Setting Effective Pool Safety RulesSeptember 28, 2018
Owning a pool can be lots of fun. You can take a refreshing dip whenever you want, you can host the coolest parties, and your house is the most popular place on the block in the summertime! However, owning a pool is also a big responsibility. In addition to safety barriers like a pool fence or pool net, setting effective pool safety rules for your kids is absolutely necessary for keeping your family safe.
We all know that public pools have rules that everyone must follow. Your private pool should be the same way. By establishing a clear set of swimming pool rules, you will help everyone who uses your pool have a safe and fun swimming experience. Here’s how you can do it:
Communicate with Your Kids
Setting swimming pool rules that stick requires much more than the old “Because I said so.” If you want your kids to follow the rules, they have to understand why you’ve set them — particularly when something as fun as the pool is on the line!
Talk with your children about the importance of pool safety rules. Explain to them what can happen if they run around the deck or roughhouse in the water (without scaring them too much). This will help them grasp learn just how essential the rules are, for both their safety and the safety of others swimming with them.
Of course, making sure the rules are respected will be an ongoing journey. It only takes one rousing game of Marco Polo for the kids to start running. Be patient and persistent, and you’ll be able to enforce the rules.
Post the Rules in the Yard
Whenever you set foot in a public pool, one of the first things you’ll notice is a list of swimming pool rules, posted front and center in big, bold letters. This makes it easy for everyone to see and understand what’s expected — and it’s a great reminder of the rules.
This policy is one you can easily implement for your own pool safety rules. A wooden sign and some waterproof paints are all you need (gets the kids involved, too — it makes a fun craft project). This will keep everyone aware of the rules, and help you more easily enforce them.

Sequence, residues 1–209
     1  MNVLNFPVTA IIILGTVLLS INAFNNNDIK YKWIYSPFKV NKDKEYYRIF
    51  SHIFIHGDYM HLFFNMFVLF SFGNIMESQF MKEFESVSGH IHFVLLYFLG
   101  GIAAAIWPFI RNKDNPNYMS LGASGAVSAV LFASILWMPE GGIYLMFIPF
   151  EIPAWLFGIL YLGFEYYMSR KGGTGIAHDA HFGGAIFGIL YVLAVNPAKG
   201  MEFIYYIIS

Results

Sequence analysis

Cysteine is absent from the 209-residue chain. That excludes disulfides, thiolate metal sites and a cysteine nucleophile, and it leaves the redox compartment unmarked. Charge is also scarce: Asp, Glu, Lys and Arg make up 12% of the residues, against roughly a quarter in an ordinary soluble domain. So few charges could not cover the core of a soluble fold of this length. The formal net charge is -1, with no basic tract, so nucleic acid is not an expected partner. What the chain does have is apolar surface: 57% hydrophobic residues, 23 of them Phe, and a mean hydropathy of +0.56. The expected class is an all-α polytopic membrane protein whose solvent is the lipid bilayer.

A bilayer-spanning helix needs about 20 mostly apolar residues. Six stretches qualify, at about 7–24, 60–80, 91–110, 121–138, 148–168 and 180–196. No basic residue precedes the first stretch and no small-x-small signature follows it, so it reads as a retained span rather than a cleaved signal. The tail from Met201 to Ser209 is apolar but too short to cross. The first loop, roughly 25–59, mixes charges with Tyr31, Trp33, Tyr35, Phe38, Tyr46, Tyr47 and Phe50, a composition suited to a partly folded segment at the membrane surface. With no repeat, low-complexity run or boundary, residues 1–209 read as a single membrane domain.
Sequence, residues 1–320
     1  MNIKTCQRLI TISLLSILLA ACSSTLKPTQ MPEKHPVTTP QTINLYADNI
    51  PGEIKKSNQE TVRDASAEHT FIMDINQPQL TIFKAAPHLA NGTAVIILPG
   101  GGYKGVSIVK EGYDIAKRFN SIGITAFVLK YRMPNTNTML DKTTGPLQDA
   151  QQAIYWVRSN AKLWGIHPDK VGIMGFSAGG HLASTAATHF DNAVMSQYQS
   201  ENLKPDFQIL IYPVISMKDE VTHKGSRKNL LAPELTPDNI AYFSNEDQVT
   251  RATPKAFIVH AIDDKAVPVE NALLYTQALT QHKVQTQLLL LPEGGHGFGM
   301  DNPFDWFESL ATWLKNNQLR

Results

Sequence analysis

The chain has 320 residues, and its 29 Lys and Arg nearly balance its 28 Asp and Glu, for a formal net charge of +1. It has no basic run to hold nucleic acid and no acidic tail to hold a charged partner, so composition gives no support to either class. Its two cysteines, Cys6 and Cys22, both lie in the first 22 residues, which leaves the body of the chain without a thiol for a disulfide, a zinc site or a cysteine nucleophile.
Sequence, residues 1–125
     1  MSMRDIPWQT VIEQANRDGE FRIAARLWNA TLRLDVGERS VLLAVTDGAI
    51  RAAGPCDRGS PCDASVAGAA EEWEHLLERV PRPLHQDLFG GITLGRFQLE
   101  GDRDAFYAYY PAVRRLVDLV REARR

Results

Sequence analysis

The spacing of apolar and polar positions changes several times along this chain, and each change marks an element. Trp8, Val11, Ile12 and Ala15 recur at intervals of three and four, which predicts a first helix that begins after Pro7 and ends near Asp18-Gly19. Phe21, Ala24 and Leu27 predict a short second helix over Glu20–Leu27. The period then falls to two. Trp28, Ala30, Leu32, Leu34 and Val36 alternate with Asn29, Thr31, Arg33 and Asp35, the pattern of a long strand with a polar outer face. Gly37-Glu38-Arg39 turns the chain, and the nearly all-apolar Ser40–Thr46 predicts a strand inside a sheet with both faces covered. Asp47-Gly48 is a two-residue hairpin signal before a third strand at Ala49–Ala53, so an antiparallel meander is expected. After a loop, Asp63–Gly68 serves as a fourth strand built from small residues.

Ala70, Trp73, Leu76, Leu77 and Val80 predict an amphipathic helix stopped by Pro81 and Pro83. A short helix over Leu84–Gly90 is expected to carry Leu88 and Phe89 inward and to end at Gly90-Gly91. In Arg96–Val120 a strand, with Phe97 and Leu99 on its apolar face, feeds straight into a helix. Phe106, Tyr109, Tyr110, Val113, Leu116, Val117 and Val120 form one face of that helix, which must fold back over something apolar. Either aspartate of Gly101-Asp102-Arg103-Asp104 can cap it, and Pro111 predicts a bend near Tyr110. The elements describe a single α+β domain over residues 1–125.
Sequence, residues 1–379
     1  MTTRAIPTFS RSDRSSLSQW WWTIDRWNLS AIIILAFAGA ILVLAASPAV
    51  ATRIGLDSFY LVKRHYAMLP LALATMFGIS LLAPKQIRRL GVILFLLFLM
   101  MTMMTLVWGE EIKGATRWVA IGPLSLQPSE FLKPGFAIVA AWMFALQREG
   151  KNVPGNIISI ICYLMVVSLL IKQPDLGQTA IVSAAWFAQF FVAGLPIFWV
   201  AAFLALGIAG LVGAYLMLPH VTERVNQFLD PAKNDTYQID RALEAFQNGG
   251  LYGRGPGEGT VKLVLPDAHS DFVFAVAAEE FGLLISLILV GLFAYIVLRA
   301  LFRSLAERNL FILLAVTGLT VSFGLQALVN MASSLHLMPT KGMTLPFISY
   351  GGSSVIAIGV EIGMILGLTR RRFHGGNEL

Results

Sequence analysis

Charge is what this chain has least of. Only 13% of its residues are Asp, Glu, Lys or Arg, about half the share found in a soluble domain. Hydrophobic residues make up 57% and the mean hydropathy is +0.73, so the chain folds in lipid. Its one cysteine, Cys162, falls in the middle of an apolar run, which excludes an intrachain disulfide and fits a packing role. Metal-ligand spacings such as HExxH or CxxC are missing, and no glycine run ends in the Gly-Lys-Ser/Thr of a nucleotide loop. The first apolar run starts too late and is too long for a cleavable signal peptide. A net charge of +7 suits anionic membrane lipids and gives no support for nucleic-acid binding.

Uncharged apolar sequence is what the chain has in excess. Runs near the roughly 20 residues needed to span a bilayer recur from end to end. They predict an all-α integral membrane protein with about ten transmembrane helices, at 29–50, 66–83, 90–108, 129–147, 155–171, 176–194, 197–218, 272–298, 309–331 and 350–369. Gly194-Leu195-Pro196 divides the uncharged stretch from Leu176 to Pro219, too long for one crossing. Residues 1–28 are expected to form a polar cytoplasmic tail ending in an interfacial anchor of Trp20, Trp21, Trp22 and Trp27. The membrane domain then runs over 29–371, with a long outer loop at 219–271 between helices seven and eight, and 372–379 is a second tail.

Once your sign is up, don’t be afraid to reference it when slip-ups happen (as they inevitably will). The sign can be a useful reminder, allowing swimmers in your pool to take accountability for their own behavior and their own safety.
Establish Swimming Times
One of the most common swimming pool rules is never allowing kids to swim alone. This rule makes a lot of sense; even the strongest swimmers need help sometimes, so someone should always be watching you swim. But does this mean you need to be ready to jump in every time your kids wants to? No!
One excellent pool safety rule is to only allow swimmers in your pool at specific times. This ensures that no one is ever in the water alone, and helps you set structure into your day (especially during the summer, when kids have much more free time.)
If you have a pool net or pool fence, make sure to use them when swimming time is over. Closing up the pool will help the kids understand that pool time is over, and help them recognize times when swimming is not safe.
Limit Your Pool Inflatables
This swimming pool rule is one of the harder ones for most families. Pool toys, especially inflatable ones, are relatively inexpensive and a whole lot of fun — so it’s only natural that your kids want a million of them! There’s no harm in that, right?
Actually, having too many pool inflatables can actually be a hazard. Many inflatables can flip over quite easily. And if there are too many toys in the pool, it can be hard for kids (particularly weaker swimmers) to find their way back to the water’s surface. Having many inflatables also block the view of anyone supervising the swimming, making it more difficult to see if children are drowning.
Keep Emergency Equipment Near
We would love to say that setting effective pool safety rules will eliminate the risk of an accident. However, that simply isn’t the case. You should always have emergency equipment in your pool area, be it a life ring on a rope, a shepherd’s hook, or simply a first aid kit (or all three).
It’s also critically important to include an emergency plan in your swimming pool rules. Each member of your family should know what to do and where to go in the event of a pool-related injury, from the adults grabbing the equipment to the kids getting out of the water and out of the way.
Practice this emergency plan in the same way you would a fire or an earthquake, so that everyone is prepared if it’s ever needed. Teach your kids to spot the signs of a swimming injury so they can alert the adult supervising them if necessary. By making this a part of your pool rules, you just might end up saving a life.
Reach Out to a Pool Safety Expert
All-Safe Pool Fence & Covers wants to help you transform your swimming pool area into a fun and safe environment for your family. Your free quote is only a click or two away! Click here to get a free quote and an on-site consultation.